Throw Back Parenting (#TBP)

We’ve all heard that old school parenting advice from our grandmothers, mothers, aunts, and random old ladies at the grocery store that make us wonder how the human race has possibly survived. I had a talk with my mother today about how different things were back when she was a child. AKA: How things were a trillion times more dangerous and exhausting.  As one of 11 children born and raised in the Canadian country she has seen her share of parenting hits and misses. Get ready to clutch those pearls ladies, cause we’re about to visit the terrifying world of #TBP (Throw-back Parenting).

Baby Carriages of DOOM: Unlike the 27 point harnesses of today (okay that’s a bit of an exaggeration), the carriages of yore were basket shaped catastrophes on wheels. There were no straps, no harness of any kind to keep the child inside. Mother told me of a situation where some of her siblings had 2 carriages out and were horsing around with my uncle inside one. They crashed them together demolition derby style and Uncle falls out and breaks his arm.  The doctor might have been having an off day, seeing as how put my uncles cast on too tight…and that’s the story of how he almost lost the use of his hand. The harness isn’t looking so bad now.

What’s a Carseat?: Mom said she had never heard of a carseat until they had to bring me home in one. When she was a child they piled 6 or 7 children in the back of a car. If there was a wee one it would be held by someone else. Not having seatbelts for everyone wasn’t a problem since there were no seatbelts. They would have definitely qualified for the carpool lane had there been one.

DIY Baby Formula: My grandmother fed her babies the popular nutrition of her time. Canned milk. Yes, the kind the adults would use to make food or put in their coffee. While it worked for them, I’m not endorsing it. We’ve come a long way with nutritious formula and breastfeeding awareness thank goodness. I still can’t help but imagine, however,  the “#cannedisbest” and “#normalizecanfeeding” hashtags going viral on Instagram accompanied with pictures of smiling moms holding their cans (not to be confused with the euphemism).

The Clothes Wringer of Mutilation:  Being from the country, and a modest upbringing, my mother can still remember not having running water. However, everyone was cloth diapered. Let that sink in a bit. No running water, and 11 children and countless years of soiled diapers. And no running water.  I cloth diaper and the grossest thing about it is when you accidentally touch the poo trying to get them into the washer. Not only did they touch it, they washed all those bad boys by hand, and used a device that apparently rivaled the medieval “rack” to wring them out. My Aunt caught her arm in the “wringer” once and has a scar to this day. I’m feeling extra thankful for my God-knows-how-old top loader.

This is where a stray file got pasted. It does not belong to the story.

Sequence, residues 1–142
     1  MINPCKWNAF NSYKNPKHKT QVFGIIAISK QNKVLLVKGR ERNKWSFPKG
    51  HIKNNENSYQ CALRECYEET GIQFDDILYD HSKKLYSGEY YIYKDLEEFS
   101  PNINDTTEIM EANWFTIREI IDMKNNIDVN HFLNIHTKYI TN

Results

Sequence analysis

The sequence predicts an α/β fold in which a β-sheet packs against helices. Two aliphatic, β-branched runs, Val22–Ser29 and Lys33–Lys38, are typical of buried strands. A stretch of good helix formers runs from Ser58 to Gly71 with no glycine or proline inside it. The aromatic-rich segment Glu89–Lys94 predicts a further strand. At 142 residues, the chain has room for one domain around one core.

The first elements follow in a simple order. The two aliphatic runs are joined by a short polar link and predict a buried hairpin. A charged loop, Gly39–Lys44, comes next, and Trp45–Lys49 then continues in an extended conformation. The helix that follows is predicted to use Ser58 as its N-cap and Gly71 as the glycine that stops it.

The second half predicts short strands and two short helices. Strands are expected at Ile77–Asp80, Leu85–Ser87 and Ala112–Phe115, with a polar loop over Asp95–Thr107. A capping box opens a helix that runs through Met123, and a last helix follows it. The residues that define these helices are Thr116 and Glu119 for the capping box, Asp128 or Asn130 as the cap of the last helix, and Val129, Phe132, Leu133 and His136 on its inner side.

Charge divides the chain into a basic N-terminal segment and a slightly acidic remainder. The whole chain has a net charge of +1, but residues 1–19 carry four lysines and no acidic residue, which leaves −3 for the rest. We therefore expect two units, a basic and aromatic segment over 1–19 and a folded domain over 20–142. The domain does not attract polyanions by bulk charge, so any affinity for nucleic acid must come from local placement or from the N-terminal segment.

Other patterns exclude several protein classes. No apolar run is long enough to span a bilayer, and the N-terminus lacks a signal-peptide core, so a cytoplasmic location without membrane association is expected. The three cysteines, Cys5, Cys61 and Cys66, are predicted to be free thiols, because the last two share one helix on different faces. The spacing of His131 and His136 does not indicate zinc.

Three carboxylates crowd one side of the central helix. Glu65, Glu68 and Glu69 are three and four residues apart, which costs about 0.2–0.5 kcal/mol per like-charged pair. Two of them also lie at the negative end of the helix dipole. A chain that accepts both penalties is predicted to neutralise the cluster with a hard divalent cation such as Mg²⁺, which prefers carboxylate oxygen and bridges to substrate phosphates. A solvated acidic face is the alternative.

The Husband-Free Home Birth: In this day and age, a homebirth is a researched decision made with thought and planning.  It’s upsides usually include being in a safe environment surrounded by comforting things. You know, like your family. In my grandmothers day it was a given. 8 out of 11 of her children were born at home (including a set of twins) and my Gramps made sure to stay out of the way. There was no hand holding or birth coaching. Somebody had to work. The doctor was called and the kids were told he brought the baby in his black doctor’s bag.

So many things have changed and I think we can all agree, for the better. The main reason I think we have survived is a mothers love never changes and it finds a way to overcome most obstacles. This does not include seatbelts, as I’ve learned from this chat with Mom. So buckle up because no matter what the decade, motherhood is a fulfilling but bumpy ride.


2 thoughts on “Throw Back Parenting (#TBP)

  1. Janine Huldie says:

    I know I mentioned it on Facebook yesterday, but still can’t believe how much things have indeed changed. Seriously, some of things our parents and grandparents did would have CPS on our doorstep in a second, but still it worked for them, so you have to wonder.


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